The removal of $46 million in combined salary cap space from the Cowboys and Redskins has turned a pair of arch-rivals into partners. And there are indications that the partnership has not yet ended, notwithstanding Tuesday’s statement suggesting that the challenge to the cap penalty controversy is over.
The statement indicates that the two teams won’t appeal Special Master Stephen Burbank’s decision that the move can’t be attacked under the labor deal because the NFL expressly agreed to the cap reductions. But the statement doesn’t expressly state that the fight is over.
‘We pursued our salary cap claim pursuant to the CBA and we respect and will abide by the arbitrator’s decision to dismiss,” the two teams said. “We will continue to focus on our football teams and the 2012 season.”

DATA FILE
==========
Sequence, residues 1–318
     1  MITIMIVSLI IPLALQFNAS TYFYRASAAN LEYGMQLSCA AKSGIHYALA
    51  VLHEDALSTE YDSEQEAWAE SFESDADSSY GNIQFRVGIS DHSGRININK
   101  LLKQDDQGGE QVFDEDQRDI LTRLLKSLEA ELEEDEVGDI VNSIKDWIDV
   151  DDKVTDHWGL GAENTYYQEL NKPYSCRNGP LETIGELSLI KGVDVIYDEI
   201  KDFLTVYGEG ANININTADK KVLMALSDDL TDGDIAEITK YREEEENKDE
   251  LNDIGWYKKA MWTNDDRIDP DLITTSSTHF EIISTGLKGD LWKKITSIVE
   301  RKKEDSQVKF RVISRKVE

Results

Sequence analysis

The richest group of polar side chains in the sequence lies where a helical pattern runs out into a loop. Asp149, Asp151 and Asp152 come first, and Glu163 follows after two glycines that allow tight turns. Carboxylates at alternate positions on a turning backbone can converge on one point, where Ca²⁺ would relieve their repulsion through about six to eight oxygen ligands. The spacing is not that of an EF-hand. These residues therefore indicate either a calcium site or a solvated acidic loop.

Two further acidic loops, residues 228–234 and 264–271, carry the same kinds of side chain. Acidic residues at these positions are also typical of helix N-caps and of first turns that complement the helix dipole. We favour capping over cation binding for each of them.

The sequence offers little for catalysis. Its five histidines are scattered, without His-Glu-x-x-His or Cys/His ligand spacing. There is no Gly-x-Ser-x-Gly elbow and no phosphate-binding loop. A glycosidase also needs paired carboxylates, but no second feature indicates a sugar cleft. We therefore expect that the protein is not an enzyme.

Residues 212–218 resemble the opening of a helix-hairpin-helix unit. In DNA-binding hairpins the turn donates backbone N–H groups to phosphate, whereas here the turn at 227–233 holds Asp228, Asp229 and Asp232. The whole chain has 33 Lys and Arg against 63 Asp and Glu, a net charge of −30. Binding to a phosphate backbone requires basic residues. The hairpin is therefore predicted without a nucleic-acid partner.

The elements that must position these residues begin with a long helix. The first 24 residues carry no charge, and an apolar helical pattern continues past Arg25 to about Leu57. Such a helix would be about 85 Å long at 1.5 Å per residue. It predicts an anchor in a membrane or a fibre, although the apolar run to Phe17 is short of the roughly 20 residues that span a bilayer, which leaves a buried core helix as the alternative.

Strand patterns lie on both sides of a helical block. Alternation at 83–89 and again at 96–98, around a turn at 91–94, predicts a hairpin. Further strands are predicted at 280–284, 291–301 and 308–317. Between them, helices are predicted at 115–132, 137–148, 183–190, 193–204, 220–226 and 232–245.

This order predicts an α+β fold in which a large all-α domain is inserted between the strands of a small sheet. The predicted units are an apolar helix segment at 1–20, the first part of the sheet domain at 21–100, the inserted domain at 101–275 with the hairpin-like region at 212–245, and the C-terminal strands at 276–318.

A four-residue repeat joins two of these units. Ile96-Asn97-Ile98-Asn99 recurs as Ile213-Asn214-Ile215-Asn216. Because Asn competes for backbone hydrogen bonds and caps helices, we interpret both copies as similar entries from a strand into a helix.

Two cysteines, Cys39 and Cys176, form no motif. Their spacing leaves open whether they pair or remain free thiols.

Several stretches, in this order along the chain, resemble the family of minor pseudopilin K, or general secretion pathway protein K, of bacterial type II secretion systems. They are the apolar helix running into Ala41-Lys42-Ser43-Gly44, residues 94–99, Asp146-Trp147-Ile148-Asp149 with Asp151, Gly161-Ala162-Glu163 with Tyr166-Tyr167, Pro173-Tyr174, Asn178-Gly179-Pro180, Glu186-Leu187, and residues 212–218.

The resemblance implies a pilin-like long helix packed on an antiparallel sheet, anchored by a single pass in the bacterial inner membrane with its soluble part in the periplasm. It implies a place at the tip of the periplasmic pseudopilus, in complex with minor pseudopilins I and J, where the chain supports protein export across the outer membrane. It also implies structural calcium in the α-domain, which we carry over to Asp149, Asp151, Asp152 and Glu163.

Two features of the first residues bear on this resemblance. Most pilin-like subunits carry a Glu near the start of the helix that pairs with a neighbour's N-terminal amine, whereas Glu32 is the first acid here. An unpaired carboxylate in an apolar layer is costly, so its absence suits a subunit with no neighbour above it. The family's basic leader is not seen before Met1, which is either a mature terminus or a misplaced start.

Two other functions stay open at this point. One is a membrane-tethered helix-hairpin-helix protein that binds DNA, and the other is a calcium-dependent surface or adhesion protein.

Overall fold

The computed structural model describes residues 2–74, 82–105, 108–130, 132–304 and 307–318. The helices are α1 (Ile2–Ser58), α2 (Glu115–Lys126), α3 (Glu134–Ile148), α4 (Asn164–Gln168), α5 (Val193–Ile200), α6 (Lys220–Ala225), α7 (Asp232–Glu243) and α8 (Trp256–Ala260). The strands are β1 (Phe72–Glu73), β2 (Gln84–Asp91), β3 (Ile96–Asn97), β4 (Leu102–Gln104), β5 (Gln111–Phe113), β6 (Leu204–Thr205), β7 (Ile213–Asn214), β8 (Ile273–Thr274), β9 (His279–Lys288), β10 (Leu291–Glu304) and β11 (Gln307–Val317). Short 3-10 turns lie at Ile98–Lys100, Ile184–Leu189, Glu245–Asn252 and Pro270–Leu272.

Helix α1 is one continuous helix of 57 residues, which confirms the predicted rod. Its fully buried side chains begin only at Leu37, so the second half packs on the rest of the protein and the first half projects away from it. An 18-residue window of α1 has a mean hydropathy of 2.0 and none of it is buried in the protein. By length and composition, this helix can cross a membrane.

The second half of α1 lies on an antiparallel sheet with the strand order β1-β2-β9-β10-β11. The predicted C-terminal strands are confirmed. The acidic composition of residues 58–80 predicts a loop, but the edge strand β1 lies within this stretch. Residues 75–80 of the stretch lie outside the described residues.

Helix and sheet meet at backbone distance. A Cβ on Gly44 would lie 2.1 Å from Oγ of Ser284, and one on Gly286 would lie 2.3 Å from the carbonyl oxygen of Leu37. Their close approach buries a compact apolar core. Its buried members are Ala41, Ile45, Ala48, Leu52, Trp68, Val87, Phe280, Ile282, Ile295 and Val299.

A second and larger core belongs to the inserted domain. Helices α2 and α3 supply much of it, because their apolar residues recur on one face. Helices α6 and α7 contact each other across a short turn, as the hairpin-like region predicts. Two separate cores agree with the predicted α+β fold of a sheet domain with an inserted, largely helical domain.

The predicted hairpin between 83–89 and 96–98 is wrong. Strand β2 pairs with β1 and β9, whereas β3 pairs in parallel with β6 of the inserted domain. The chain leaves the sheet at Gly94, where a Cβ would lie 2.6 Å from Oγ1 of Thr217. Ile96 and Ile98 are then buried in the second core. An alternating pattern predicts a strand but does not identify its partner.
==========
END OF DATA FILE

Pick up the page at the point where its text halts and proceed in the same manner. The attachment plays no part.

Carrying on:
Strongly implied in that statement is the notion that the franchises have folded their tents and abandoned the effort. Officially, however, neither the Redskins nor the Cowboys have responded to emails from PFT posing the simple question of whether the joint statement means that the matter has concluded.
Moreover, a source with knowledge of the situation tells PFT that the fight may not be over. Technically, that wouldn’t be inconsistent with Burbank’s decision, because he plainly stated at the end of his 12-page ruling that the teams “retain whatever remedies they may have against [the NFL] under contract and agency law.”
So until the Redskins or Cowboys say it’s completely over, it’s not completely over. And until it’s completely over, there’s a chance one or both teams will sue the NFL under theories like breach of contract and/or breach of fiduciary duty.
In other words, don’t put your popcorn away just yet.